The Ardre is a fifth order river in France which flows into the Vesle (left tributary) thence into the Aisne, Oise and Seine.
The river lies to the west of Reims and flows on bearing of about 310° from the Parc Régional de la Montagne de Reims to enter the Vesle at Fismes.
It rises at an altitude of about 270 m (890 ft) and descends over a course of 39 km (24 mi), to about 80 m (260 ft) in Fismes. It is crossed by the Paris to Reims motorway, A4/E50 about halfway along the river’s length.
It’s geology is comparable with that of the lower Thames valley and south Hampshire. Though the chalk of the Champagne plateau is not far away, towards Reims, the immediate surroundings are of middle Eocene but the river has cut down into lower Eocene clay deposits like those at Chichester. Consequently, the landscape is much more wooded than that typical of Champagne.
The Ardre’s flow was observed during a period of 37 years (1969–2005), at Fismes, in the département of Marne situated at its confluence with the Vesle. The catchment area of the river is 297 km2 (115 sq mi).
The mean of the annual flow rates or module, at Fismes over this period was shown to be 1,56 m³ per second.
The seasonal fluctuations are small, at least, when compared with the typical French water course. The higher flows occur in the winter to spring period glass water bottle uk, taking the monthly flow rates to between 1,95 and 2,54 m³ per second, from December to April with a slight peak in February. The low flows occur during in late summer and early autumn, from July to October. This gives a low in the mean monthly flow rate of 0,68-0,70 m³ in August and September.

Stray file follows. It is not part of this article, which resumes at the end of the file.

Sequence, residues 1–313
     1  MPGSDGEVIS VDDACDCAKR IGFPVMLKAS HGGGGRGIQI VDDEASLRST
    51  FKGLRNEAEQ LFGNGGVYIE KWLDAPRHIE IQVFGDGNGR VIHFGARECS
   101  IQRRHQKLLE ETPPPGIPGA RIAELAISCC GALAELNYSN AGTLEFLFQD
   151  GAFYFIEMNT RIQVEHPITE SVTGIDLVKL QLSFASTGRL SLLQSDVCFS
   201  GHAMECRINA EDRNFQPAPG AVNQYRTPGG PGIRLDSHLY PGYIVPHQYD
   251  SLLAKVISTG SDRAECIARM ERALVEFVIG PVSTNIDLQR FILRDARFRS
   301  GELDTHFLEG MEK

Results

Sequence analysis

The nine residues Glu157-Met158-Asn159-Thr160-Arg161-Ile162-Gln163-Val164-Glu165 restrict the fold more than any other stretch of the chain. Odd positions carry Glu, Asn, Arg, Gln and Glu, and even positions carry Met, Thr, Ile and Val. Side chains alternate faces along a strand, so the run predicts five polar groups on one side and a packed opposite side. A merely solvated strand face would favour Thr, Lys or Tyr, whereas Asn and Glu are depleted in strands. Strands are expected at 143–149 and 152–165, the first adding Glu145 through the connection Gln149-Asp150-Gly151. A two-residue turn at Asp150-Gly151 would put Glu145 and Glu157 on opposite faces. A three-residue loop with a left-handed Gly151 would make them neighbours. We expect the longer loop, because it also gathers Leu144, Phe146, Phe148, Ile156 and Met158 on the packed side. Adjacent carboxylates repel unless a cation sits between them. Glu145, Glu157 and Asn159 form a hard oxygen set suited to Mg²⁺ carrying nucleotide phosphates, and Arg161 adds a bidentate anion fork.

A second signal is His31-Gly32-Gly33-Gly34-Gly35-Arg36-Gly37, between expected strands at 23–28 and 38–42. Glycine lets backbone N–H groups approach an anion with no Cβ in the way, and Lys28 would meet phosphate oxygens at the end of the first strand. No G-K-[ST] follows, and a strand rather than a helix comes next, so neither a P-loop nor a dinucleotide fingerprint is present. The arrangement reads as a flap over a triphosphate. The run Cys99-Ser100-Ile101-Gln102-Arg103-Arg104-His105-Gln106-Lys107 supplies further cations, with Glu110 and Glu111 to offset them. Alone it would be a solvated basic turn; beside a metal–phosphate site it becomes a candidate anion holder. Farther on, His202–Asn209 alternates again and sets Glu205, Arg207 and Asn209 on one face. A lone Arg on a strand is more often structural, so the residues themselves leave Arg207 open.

Mean monthly flow (m³/s) measured at the hydrological station at Fismes – data calculated over 37 years
At the point of lowest mean flow, in the case of a drought to be expected statistically once in five years, which is not serious, the VCN3.
Unlike the Vesle, in the Ardre peaks in flow can be quite great. This arises from the small mean flow and the small catchment area. The QIX 10 is 17 m³ per second, the QIX 20, 21 m³, while the QIX 50 is 25 m³ per second. (The mean monthly flow in the wettest month of the year is 2,54 m³ per second.)
The greatest momentary flow recorded at Fismes during the period of evaluation was 28,6 m³ per second on the 26 March 1988, while the maximum daily flow was 22
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,5 m³ per second, on the same day. Comparing the former value with the QUIX scale for the river, this flow was greater than the 60 year maximum calculated from the QUIX 50, therefore exceptional.
The Ardre is a water of the first category down to the bridge at Faverolles-et-Coëmy, in other words, it is fished primarily for salmonids such as brown trout (Salmo trutta fario). Below the bridge, it becomes a second category river, offering principally cyprianids (white fish).
The Ardre became a footnote in British military history as the river down the valley of which the British 51st and 62nd Divisions, with attached New Zealanders, fought in cooperation with French V Army forces on each flank and with Italian artillery support, in July 1918, during the Second Battle of the Aisne.